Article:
Today is World Environment Day. We’ve put together a quick overview of how menstrual hygiene plays a role in impacting the environment, why you should care and how we can bring sustainability in menstruation.
When speaking of menstrual hygiene products, the most significant environmental problem is plastics in sanitary products. Most tampons, pads and panty liners have plastic in them. These products make their way into landfills, oceans and rivers. As plastics are not biodegradable, even one single disposable pad can take between 500-800 years to decompose. For perspective – each menstruator requires about 20 of these every single month! Women get their periods in their early teen years, and this continues till menopause. On average, this is about 40 years of bleeding and requiring sanitary products. So think 20 products multiplied by 12 months = 240 pads a year. Multiply that by 40 years, and that is 9,600 pads per menstruator per lifetime. In India alone, 43.2 crore sanitary napkins are used, and this amount can cover landfills as big as 24 hectares.
The chemicals from the plastic pads contribute to soil infertility and pollution of groundwater. The Solid Waste Management Rules of 2016, say that napkins, tampons and condoms that are soiled and are considered household waste should be disposed of properly after being classified as biodegradable and non-biodegradable waste. However, products that contain bodily fluids and blood are biomedical waste and should be dealt with appropriately, i.e. by incineration and similar measures to destroy harmful pathogens.
Menstruation is still considered a taboo, and while global efforts are being made to dismantle these beliefs, there is still a long way to go. Menstrual hygiene practices are affected by beliefs and norms within different cultures and religion. Some of these beliefs may be hindrances to good menstrual hygiene practices. Women face restrictions on cooking, worshipping, bathing, and so much more. Restrictions are imposed on women because of the false perception that menstruation is dirty.
When it comes to disposal, several countries face the same problem of a lack of appropriate methods. Owing to inadequate menstrual management practices, women end up throwing their sanitary pads or other menstrual products into the garbage bin, and it ends up part of solid waste. Indian toilet facilities don’t have bins for the proper disposal of sanitary pads, nor do they have adequate facilities for washing hands – a necessity for menstruating women to handle menstrual hygiene. In rural areas, there are several ways to dispose of menstrual waste like burning, burying, throwing in garbage, or pit latrines. However, many women in rural areas either cannot afford pads or are inclined to using reusable pads and cloth, so they generate a smaller amount of menstrual waste as compared to women in urban areas who lean towards disposable pads. The way these materials were disposed of in urban India depended on the menstrual products used, the cultural beliefs and the location. Women in slum areas thew their waste into pit latrines because both burning and burial were challenging to do with a lack of privacy being an issue. The fear was that men would see them or various superstitions that instilled doubts in these women’s minds.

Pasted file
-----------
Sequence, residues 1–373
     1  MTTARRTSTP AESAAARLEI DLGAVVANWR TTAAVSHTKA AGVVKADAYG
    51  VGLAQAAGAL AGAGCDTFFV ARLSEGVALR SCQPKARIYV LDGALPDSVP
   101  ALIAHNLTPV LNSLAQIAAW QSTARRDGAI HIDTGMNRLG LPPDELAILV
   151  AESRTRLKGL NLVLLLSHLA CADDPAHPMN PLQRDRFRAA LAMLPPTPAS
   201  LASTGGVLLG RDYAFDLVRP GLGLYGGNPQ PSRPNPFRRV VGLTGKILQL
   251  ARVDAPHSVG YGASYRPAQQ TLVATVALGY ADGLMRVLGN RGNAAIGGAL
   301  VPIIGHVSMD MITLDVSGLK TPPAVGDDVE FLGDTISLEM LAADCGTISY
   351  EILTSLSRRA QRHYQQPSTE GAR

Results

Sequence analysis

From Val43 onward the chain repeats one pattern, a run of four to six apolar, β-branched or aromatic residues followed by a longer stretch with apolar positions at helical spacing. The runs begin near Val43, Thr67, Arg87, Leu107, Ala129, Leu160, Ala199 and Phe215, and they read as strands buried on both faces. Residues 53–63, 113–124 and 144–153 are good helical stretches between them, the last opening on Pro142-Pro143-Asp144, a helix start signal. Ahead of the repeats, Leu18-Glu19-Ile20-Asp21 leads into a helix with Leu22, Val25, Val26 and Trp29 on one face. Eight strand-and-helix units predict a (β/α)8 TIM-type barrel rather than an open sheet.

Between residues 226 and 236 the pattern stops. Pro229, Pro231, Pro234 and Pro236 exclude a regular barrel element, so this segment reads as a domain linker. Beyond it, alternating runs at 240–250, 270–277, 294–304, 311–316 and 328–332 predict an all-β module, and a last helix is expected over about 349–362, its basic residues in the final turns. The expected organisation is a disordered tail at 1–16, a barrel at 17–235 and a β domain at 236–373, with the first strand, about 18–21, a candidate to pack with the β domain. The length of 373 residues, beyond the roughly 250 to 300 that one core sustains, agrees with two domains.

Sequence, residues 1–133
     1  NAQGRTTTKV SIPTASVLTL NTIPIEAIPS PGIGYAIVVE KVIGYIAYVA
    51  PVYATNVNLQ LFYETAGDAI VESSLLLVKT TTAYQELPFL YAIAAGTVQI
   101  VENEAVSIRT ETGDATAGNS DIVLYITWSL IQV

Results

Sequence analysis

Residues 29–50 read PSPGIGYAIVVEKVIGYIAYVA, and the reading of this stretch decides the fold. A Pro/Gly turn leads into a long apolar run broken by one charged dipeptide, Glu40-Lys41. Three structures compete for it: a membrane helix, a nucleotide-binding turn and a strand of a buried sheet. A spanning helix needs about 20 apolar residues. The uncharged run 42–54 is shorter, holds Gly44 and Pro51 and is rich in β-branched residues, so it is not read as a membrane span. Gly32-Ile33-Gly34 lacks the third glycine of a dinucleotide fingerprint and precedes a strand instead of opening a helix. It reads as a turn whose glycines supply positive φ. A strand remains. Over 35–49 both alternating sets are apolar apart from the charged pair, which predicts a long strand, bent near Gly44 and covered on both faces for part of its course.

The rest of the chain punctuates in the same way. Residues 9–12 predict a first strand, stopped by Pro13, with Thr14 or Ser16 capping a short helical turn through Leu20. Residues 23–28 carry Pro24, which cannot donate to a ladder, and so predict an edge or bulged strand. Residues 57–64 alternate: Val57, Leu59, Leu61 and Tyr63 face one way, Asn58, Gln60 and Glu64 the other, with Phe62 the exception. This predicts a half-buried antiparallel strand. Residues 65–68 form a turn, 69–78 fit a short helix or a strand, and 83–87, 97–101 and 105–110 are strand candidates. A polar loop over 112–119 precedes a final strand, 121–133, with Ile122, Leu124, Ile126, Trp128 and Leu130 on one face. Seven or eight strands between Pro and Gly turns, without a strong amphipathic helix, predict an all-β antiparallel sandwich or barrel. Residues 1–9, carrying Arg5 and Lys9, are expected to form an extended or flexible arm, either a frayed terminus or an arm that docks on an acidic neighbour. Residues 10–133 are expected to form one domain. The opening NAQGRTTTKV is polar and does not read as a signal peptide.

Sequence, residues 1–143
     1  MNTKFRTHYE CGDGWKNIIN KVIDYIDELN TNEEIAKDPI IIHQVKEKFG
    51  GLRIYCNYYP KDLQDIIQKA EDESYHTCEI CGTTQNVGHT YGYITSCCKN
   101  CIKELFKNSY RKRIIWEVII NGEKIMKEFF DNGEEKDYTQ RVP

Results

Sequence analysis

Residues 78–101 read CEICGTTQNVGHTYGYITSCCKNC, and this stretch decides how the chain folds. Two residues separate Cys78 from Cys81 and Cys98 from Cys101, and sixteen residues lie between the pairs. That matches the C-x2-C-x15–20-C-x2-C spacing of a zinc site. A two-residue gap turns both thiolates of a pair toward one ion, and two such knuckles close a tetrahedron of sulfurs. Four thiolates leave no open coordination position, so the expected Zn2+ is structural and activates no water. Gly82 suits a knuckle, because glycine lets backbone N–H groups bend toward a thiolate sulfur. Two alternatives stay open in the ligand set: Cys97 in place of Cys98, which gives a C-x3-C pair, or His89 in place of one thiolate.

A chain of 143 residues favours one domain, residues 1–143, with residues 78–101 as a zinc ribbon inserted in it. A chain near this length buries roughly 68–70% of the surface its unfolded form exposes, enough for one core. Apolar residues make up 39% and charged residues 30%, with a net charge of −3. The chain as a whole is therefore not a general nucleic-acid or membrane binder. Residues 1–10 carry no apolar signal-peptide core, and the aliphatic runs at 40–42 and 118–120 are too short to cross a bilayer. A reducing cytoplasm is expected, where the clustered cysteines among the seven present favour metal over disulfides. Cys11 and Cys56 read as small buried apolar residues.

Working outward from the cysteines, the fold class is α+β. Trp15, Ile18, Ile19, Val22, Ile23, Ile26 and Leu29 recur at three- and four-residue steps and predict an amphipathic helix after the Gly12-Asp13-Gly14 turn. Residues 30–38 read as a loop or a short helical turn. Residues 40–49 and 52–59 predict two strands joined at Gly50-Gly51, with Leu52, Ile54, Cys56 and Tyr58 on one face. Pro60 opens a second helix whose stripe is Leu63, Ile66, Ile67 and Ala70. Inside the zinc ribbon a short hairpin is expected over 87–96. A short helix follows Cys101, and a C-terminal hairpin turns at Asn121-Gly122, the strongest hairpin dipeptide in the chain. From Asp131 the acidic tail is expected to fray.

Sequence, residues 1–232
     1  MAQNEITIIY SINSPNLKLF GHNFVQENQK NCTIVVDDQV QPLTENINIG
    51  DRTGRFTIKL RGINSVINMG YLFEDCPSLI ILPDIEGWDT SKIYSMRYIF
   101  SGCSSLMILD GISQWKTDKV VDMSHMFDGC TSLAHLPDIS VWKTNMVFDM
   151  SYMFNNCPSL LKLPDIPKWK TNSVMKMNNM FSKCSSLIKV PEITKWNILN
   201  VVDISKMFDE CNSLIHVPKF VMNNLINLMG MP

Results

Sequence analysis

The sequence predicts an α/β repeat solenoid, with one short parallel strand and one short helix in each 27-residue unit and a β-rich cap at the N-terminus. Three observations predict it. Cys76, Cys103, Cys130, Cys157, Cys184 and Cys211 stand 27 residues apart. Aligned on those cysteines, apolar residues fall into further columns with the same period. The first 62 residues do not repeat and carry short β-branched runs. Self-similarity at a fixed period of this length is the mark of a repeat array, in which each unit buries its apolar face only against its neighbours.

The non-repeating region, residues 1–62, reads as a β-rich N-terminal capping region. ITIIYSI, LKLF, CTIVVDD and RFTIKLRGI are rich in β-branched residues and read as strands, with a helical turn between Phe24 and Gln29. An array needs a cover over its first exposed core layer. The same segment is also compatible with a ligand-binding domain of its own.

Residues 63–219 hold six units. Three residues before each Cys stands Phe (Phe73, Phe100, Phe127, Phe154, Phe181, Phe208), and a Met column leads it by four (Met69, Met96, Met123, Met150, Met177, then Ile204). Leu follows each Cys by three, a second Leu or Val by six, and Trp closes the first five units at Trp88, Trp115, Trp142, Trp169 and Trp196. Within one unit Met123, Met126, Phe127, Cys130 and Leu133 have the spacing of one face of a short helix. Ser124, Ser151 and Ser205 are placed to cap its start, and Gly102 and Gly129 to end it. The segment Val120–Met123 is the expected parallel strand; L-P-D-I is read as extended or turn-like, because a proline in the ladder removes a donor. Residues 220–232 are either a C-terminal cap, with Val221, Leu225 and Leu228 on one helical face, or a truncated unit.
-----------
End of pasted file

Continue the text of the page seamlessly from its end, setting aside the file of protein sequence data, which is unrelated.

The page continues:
Girls in schools throw pads in toilets as there are no sanitary facilities. Sometimes, they would end up discarding their used menstrual clothing without washing them. Several girls miss school when menstruating because of no proper disposal system, no locks on toilet doors, no water taps or buckets and limited water supply. In some schools, there were incinerators and bins for menstrual waste, but a fear of being seen by other people prevented girls from utilising them. Disposal behaviours of women differ from when they are in their own homes and when they are away. At home, pads are often disposed by wrapping in newspapers and putting it in the dustbin with other waste. But in public places, unfortunately, many flush them down toilets or leave their used pads tucked away in the corner of a lavatory. Flushing sanitary products can create a blockage in the sewage system, making it extremely difficult for people who have to manage the toilets. Leaving soiled pads around bathrooms too is extremely unhygienic as it attracts flies and mosquitos and makes the lives of cleaners and other people who use the toilet hard.
There is a solution to all these problems, and that is by using eco-friendly menstrual products. There are several alternatives to the disposable sanitary pad like menstrual cups, period panties and reusable sanitary pads. Menstrual cups might be costly but they last a very long time, are easy to wash and also easy to carry around. Period panties and reusable pads are sustainable options, easy to clean (useable even up to 70 washes, in some cases) and economically priced. By switching over to these products, you create zero waste. However, the only way to make an impact is by continuously spreading awareness and educating people on good menstrual hygiene practices, eco-friendly menstrual products, and ways to care for the environment.
Saafkins – A reusable 12-hour period panty, Saafkins are constructed from a self-disinfecting fabric that makes them highly absorbent, hygienic and allows them to be washed numerous times, even with hand soap. Extensive testing in labs accredited with the Government of India has confirmed the benefits of Saafkins. Learn more about Saafkins by Livinguard on saafkins.com